Fred’s Miracle Cough Syrup has hit the market and become a huge success with the burgeoning integrative medicine demographic. Per your advice, Fred has patented his famous concoction and trademarked the Fred’s Miracle Cough Syrup name and logo. Demand is so high that Fred and Sally are working full-time on the business. Their children, Sam and Lilly, and their respective spouses, Jane and Tim, have joined the company full-time as well. In fact, Fred and Sally have made Sam and Lilly part owners of the business. Fred, Sam, and Tim handle the production, sales, and delivery. Sally and Lilly handle the majority of the administrative and business management tasks, while Jane acts as the bookkeeper. Sally and Fred are the only authorized signatories on the corporate account. Sally and Lilly have been hard at work securing a new production facility and distribution chain to accommodate an upcoming contract with a national chain.
After locating a large warehouse on several acres, Sally and Lilly approach their local credit union for a loan. The business has only one business credit card used to purchase supplies for the production of Fred’s Miracle Cough Syrup, and there is a small mortgage outstanding on the family farm. Personal debts of the individual family members consist of small credit-card balances for Fred, Sally, Sam, and Lilly as well as an auto loan on Sam’s van. During the commercial loan accounting review process, Sally and Lilly discover that Jane has been siphoning off large amounts of corporate money and “cooking the books” to hide her actions. Jane has written several checks from the corporate account and forged both Sally’s and Fred’s signatures. Jane has made out all but one of the forged checks to Don, a local loan shark, in an effort to repay her gambling debts. The check Jane did not deliver to Don was made out to “Cash,” which she slipped into the collection box at church in an effort to absolve her guilt. The embezzlement was so severe that the family fears that Fred’s Miracle Cough Syrup is now on the brink of bankruptcy. Meanwhile, Sam’s refusal to enter into an exclusive distribution deal with the local drugstore has enraged Bob, the owner. Bob has now reverse engineered Fred’s cough syrup recipe and has posted it online in an act of vengeance. As Fred and Sally tearfully recount the events of the past month, you reassure them that you are on the case, and you begin to ponder the legal issues at hand.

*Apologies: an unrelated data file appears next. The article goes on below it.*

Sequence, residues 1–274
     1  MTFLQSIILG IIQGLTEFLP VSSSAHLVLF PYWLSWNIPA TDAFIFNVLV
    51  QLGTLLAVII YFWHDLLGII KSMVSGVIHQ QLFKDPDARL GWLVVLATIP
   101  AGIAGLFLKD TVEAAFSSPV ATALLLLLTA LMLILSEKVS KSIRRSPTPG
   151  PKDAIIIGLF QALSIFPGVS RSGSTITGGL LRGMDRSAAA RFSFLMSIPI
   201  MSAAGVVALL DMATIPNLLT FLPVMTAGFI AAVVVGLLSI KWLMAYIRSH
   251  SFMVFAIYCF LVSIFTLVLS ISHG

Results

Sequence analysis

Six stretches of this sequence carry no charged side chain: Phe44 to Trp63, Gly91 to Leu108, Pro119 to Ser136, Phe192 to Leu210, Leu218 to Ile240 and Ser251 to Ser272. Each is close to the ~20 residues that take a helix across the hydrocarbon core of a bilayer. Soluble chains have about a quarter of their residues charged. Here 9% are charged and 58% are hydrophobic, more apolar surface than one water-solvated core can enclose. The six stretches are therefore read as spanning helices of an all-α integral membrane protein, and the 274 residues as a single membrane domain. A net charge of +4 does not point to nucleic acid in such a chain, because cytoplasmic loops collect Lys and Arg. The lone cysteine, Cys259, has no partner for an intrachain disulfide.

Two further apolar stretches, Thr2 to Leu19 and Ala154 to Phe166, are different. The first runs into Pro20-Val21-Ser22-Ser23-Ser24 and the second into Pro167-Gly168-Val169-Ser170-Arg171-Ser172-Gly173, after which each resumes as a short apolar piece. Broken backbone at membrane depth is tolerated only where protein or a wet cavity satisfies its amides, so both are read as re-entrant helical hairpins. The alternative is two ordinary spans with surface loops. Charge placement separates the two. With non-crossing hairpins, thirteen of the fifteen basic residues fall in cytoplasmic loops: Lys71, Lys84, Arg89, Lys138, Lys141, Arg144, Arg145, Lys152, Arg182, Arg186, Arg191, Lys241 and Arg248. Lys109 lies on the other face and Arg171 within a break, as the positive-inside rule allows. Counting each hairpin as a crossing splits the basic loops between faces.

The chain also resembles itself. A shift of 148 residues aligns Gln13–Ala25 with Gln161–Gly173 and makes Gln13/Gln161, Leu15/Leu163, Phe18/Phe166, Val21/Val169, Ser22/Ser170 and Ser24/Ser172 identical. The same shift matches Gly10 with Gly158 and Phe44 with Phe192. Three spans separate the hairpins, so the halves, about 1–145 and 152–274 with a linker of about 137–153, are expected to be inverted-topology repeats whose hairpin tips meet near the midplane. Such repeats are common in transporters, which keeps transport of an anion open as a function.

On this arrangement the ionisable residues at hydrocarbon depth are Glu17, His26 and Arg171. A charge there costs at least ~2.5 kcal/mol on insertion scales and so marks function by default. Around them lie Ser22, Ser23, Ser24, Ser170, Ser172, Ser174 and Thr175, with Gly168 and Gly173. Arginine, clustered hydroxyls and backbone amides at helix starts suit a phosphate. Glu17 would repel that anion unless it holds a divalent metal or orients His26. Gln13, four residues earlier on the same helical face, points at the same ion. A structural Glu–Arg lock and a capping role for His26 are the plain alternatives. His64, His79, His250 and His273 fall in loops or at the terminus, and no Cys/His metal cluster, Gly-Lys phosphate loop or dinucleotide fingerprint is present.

Specifically, the following critical elements must be addressed:
I. What legal defenses might Fred and Sally raise with regard to the checks written by Jane to Don? Why do you believe they will be successful or unsuccessful?
II. What legal defenses might Fred and Sally raise with regard to the check written by Jane and delivered to the church? Why do you believe they will be successful or unsuccessful?
III. What, if any, civil claims do Fred and Sally have against Jane based on her actions? Why do you believe they will be successful or unsuccessful?
IV. Analyze the forms of bankruptcy available to the business in this instance (assume the business entity is the same form as you chose in Case Study 1). What form is most appropriate and why?
V. Analyze the implications of a potential bankruptcy action on the business assets (assume the business entity is the same form as you chose in Case Study 1). Explain which, if any, are subject to forced sales, liens, or forfeiture.
VI. Analyze the implications, if any, of a potential bankruptcy action by the business on the assets of the individual family members (assume the business entity is the same form as you chose in Case Study 1). Explain if the assets of business owners are subject to forced sale, liens, or forfeiture.
VII. What legal recourse does Fred have against Bob for infringement of intellectual property rights? Do you believe he will be successful? Why or why not?
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